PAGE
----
A Seattle woman reported that her identity has been stolen over a dozen times in the wake of the massive Equifax security breach earlier this year.
Last week, Katie Van Fleet told KOMO-TV that she decided to speak out as a warning to others. “I want to share my story and make people aware that this can happen to anybody.”
Van Fleet’s nightmare started in September when she got a thank you letter from Barney’s New York for a credit line opened under her name. During the next few weeks, similar letters from other stores came filtering into her mailbox.
“I kept receiving letters from Kohl’s, from Macy’s, from Home Depot, from Old Navy saying, ‘Thank you for your application,’” she told Q13 News.
The problem was she never applied for any of those. In total, Van Fleet’s identity has now been stolen 15 times — and counting.
Van Fleet and her attorney, Catherine Fleming, told Q13 that based on the timing of the thefts, Van Fleet’s personal data was likely stolen during the Equifax breach.
Fleming has brought a class-action lawsuit against Equifax for its negligence. “The stories I hear [of identity theft] are heart-wrenching,” she said.
Equifax announced last month that a total of 145.5 million Americans were impacted by the data breach, where hackers took names, Social Security numbers, birth dates, addresses, driver’s license numbers and, in some cases, credit card numbers.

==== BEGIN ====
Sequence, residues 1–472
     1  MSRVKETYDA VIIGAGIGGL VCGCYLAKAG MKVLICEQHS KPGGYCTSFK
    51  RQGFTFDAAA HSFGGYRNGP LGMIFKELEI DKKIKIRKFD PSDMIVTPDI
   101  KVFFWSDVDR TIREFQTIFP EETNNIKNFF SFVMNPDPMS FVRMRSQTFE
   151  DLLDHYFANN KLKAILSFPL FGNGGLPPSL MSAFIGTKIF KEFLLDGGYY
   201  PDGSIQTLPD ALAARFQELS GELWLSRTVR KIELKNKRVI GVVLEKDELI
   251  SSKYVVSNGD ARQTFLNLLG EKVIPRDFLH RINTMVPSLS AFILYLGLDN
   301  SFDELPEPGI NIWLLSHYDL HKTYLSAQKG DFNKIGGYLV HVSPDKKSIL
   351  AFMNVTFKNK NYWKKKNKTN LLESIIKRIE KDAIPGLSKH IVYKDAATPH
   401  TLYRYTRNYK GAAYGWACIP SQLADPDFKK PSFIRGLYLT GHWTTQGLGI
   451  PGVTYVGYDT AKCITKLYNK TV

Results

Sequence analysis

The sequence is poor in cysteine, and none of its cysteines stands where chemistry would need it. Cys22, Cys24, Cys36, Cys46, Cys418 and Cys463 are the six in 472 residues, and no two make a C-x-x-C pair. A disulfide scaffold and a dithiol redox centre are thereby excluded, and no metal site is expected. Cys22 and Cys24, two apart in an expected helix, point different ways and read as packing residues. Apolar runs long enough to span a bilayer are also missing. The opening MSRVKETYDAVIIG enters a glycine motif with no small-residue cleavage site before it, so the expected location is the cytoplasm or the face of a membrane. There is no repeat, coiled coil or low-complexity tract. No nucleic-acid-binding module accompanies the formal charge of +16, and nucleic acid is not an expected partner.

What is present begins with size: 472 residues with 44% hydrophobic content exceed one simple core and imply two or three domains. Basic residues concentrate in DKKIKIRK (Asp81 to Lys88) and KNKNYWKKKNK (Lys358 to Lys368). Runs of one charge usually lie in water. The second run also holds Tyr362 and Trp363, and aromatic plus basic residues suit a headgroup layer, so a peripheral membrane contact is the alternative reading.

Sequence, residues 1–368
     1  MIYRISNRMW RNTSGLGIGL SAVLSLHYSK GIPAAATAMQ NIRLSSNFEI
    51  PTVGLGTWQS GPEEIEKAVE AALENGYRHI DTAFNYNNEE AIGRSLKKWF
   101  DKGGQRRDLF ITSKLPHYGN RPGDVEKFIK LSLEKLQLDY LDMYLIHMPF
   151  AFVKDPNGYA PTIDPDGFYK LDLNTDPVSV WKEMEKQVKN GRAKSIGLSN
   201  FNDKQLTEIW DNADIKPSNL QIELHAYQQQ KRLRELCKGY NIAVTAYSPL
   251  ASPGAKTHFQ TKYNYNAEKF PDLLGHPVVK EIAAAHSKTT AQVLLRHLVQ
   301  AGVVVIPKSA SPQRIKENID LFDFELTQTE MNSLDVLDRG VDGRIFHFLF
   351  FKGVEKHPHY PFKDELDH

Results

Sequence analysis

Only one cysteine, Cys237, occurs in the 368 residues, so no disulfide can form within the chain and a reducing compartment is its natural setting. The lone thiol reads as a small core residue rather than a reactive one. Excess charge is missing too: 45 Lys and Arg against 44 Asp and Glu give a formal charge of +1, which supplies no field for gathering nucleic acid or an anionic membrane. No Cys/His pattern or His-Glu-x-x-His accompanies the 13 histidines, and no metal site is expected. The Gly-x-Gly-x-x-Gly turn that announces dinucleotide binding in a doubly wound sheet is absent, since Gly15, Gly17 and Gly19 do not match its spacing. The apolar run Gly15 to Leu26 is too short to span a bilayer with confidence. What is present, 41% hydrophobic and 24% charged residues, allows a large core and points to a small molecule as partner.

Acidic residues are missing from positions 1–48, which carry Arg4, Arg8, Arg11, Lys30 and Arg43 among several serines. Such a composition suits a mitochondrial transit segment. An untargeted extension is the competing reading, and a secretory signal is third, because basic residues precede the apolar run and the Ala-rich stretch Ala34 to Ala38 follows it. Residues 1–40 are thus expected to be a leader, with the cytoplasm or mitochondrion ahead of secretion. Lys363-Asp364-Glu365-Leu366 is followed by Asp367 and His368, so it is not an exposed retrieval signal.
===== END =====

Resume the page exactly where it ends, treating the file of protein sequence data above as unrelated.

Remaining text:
Experts projected that most adults with a credit history in the U.S. were likely victims of the breach. Accordingly, all consumers ― even those who have never signed up for an Equifax product ― should take immediate steps to protect their identity and credit. Above all, experts say, people should monitor their credit report closely and consider freezing their credit, which restricts access to a borrower’s credit report. Subscribe to The Morning Emaike up to the day’s most news.
Van Fleet noted that freezing her credit ultimately helped her ward off additional identity thieves. Since filing a police report and freezing her credit, she told KOMO that her credit-related problems have ceased.
She advises others to not be complacent about the Equifax breach. “I didn’t think this would ever happen to me,” she said. “So it’s been very frustrating. I feel extremely violated.”